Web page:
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Let's consider macro facility for TheLanguage

There's a common idea that macros are generally evil. We all know that example of

  #define x 5

  int f() {
     int x;

However, the only 'evilness' of macros seem to be that they are dangerous as their identifiers do not obey all the resting language's scope rules.

From the other hand, there needs to be something for generic programming anyway: if we don't call templates 'macros', they are still just smart macros, nothing else. So, I make a statement: It's all not about complete elimnation of macros, it's about making them smart .

In fact there's one problem I don't know how to solve without smart macros: it is moving virtual functions (and the virtuality as such) off the language, into the library.

Macros are dangerous in C/C++ because the macroprocessor is being run between the lexical and syntactic analyses. If we do it within the syntactic analyses, we can make it better.

Definitely there must be contexts in the language, in which macros are never expanded. A good example is a definition of any local identifier (in any scope) which has the same name as an existing macro.

Now, to achieve the best flexibility we can, I believe we should minimize the count of such contexts. In fact, the case above can be the only case. And now there's a problem of clearly (and simply) marking such things.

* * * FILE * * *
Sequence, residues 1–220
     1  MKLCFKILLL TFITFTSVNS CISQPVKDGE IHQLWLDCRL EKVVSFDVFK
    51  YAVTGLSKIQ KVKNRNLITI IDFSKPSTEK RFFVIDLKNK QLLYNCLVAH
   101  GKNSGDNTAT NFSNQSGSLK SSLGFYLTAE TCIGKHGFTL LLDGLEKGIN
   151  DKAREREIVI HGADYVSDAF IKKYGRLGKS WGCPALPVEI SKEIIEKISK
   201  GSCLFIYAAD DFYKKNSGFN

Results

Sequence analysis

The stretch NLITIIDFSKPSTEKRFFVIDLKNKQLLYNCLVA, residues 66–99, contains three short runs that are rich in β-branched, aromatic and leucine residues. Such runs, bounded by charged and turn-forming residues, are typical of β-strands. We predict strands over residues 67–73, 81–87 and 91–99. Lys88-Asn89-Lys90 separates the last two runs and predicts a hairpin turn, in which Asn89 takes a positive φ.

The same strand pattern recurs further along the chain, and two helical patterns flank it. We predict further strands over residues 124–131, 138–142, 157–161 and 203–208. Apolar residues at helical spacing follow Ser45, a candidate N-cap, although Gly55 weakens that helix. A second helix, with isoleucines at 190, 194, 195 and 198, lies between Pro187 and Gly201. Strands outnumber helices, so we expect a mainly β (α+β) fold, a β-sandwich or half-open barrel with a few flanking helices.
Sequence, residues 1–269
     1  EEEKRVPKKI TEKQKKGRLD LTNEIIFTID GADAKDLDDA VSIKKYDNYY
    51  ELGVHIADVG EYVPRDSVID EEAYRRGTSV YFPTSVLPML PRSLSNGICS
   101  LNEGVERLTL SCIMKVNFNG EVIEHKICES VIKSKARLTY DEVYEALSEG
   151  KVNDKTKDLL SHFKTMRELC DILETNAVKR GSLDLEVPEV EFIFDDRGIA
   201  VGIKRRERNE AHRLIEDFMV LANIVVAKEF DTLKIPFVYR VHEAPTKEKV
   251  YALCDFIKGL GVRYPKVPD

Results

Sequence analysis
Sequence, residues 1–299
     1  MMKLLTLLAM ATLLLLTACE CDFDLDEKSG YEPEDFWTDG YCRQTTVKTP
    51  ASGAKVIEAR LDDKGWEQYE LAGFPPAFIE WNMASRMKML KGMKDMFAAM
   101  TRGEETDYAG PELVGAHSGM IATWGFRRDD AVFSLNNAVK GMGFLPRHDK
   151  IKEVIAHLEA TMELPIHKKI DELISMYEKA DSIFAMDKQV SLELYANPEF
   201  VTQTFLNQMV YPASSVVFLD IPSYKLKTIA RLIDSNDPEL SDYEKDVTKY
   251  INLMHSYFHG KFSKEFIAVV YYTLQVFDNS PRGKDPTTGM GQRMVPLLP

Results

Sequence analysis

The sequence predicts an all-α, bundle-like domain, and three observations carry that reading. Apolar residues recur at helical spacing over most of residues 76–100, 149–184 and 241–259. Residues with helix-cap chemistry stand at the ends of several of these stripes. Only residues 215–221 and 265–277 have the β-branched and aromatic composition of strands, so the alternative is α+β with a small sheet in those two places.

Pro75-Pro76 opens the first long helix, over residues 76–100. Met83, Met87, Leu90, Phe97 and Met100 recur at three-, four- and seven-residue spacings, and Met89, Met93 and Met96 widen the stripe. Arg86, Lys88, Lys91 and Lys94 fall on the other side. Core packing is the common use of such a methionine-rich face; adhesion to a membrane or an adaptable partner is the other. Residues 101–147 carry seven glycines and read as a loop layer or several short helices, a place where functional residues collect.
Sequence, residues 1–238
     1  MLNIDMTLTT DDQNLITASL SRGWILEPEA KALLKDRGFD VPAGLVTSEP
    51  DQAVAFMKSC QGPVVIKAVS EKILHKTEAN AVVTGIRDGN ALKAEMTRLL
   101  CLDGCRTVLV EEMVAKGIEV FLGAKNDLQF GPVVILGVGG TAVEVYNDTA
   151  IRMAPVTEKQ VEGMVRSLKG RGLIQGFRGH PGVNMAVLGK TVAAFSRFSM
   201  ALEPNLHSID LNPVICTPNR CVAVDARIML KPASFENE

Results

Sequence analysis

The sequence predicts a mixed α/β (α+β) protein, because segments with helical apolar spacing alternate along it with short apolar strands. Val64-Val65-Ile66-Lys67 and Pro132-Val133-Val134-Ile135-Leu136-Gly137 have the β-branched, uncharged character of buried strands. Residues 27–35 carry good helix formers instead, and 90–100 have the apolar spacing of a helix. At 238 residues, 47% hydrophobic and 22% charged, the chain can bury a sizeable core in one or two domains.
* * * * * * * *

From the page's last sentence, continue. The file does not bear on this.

The syntax of C/C++ is not good for it. E.g.

  void abc(...

can be as well a new identifier declaration, an older identifier definition, or both ;-) But that's not the worst thing. It is even worser that in a definition like

  int (t1 (*)(int (*)(char))) (*f) [25];

it depends on the meaning of identifiers, where the new (being declared) identifier stands.

What I propose is to drop the C/C++ type/var declarations nightmare (anyways we almost decided there can be no syntactic compatibility with C, only the calling conventions compatibility). In Pascal, the things are far more appropriate: there are several keywords, after which the next lexem is always the identifier being declared:

  var a : integer;
  type t = array[1..5] of char;
  function f(var x:integer, y:real): real;


Now what I propose, exactly:

1) No keyword can be a macro name (it's just like they cannot be a variable name, nor function name, nor anything else's name)

2) There are several keywords which clearly mark the place where a new identifier is declared, and there is no other way to declare a new identifier: var, const, class, label, function, macro. I believe we don't need procedure, just function. I do believe however that labels must be declared just like any other identifier. Also I believe any type should be referred to as a class, whether it is compound or not. Or, we can call it type, not class, but then live without classes :) Compound can be told from any other thing by presence of curly brackets in the type definition, and I'm sure there must be possibility to derive from int or a pointer just like from any class.

3) Parameters of a macro should be enclosed in angle brackets <>, not parentheses, thus resembling C++ templates; no separate notion of a template is necessary.

4) There must be compile-time-solved ifs and even whiles, as well as macro variables.

5) There must be a possibility for a macro to refer to several words or expressions which follow the macro's name (in which case they are eaten up). May be it can be another way of passing parameters to a macro:

  macro min<x,y> ((x) < (y)) ? (x) : (y) ;
  min a f(b)

I feel this will allow us to implement all the virtuality stuff in a library rather than in the language itself.

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